Big God, Busy Mom

The real-life story of one child's spiritual journey

Posted by The Episcopal Church on Oct 13, 2014 3:23:26 PM

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Children naturally sense of the presence of God, even from a very young age, but often they just don’t have the words to help them identify and express it.

Intellectual understanding will come in its own time, but a child’s innate spirituality means that it is never too early to introduce him or her to the concept of God.

Sometimes it can seem like God is too hard to explain, so when you talk with your child about God, think of it not as an explanation, but as an invitation to explore.

Take for instance the story of Francisco Garcia’s 18-month-old daughter who enjoyed her own special moments with God, became part of a community, and what’s more, reignited her mother’s spirituality as well!

This excerpt was taken from a great resource for any new parent: Changing Diapers, Changing Lives. It is inspired by Plato’s words, “Let parents bequeath to their children not riches, but the spirit of reverence.”

Inviting childlike reverence

“When my oldest daughter was about eighteen months old, she started receiving communion regularly. As she was getting older and I was explaining to her what it meant, I called it ‘God’s bread’. While I knew that she wasn’t fully comprehending what this meant, I trusted in the work of the Spirit and attempted to explain the theological significance to her in toddler-speak. Mostly, I just wanted her to feel the experience, sharing in our sacred act of Christ’s love, redemption, and transformation as a faith community.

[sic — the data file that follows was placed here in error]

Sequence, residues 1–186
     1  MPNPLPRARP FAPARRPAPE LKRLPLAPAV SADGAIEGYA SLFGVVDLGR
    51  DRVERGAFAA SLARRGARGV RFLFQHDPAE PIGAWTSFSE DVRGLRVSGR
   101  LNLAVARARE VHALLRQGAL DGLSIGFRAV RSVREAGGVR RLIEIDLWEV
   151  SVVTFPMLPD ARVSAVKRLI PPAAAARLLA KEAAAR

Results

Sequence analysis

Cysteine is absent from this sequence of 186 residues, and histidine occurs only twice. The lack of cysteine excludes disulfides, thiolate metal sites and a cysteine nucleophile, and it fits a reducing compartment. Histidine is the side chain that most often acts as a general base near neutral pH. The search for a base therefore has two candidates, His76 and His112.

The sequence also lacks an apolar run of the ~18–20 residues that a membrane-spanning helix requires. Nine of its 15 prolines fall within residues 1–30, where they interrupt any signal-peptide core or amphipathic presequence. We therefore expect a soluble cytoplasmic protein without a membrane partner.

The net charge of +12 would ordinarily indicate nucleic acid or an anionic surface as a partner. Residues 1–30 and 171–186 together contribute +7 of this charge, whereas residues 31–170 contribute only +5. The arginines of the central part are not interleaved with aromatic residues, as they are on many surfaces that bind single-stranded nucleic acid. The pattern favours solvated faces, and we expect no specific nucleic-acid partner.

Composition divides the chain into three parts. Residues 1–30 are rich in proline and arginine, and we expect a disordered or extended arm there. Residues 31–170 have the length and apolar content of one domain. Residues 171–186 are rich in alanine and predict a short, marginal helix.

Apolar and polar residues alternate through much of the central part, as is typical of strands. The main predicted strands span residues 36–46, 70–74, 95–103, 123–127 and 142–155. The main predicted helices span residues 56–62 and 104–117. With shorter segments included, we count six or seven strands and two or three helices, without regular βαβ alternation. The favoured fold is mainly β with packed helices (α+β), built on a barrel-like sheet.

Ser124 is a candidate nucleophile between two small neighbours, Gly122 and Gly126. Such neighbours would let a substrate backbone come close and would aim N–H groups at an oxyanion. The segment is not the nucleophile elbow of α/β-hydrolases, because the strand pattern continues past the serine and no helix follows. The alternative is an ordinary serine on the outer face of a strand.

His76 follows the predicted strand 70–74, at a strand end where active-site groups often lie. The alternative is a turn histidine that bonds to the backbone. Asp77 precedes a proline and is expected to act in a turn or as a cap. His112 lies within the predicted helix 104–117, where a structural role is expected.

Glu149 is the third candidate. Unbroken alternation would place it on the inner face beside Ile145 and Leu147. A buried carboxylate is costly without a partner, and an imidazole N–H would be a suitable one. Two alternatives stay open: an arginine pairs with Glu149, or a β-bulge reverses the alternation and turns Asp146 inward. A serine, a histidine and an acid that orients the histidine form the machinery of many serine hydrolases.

“Over time, she would look forward to receiving her ‘God’s bread’ every Sunday. It was a beautiful sight to see her cup her hands together, look up at the eucharistic minister at the communion rail, and say “Amen!” with such gusto after she received communion. She knew it was a special moment with God and would get upset if we were not going to church, because she would not be getting any ‘God’s bread’. Now she is approaching four years of age, and she can explain to you what she is doing when she receives communion.

“In seeing my daughter develop her own relationship with God through our sacramental life, I am so glad that she has had this experience from such a young age. As parents, we plant spiritual seeds in the hearts and minds of our children, and only later do we see them develop. In doing this, we are inviting our children to live a life of reverence, and we also reignite our own spirits as God’s beloved children.”

–Francisco Garcia

Want to learn some tips, actions, and easy language to help your child explore their spirituality? Download the FREE guide, “How to Talk to Your Children about God.”

Topics: kids and church, children and God, teaching kids to pray, baptism, spiritual journey

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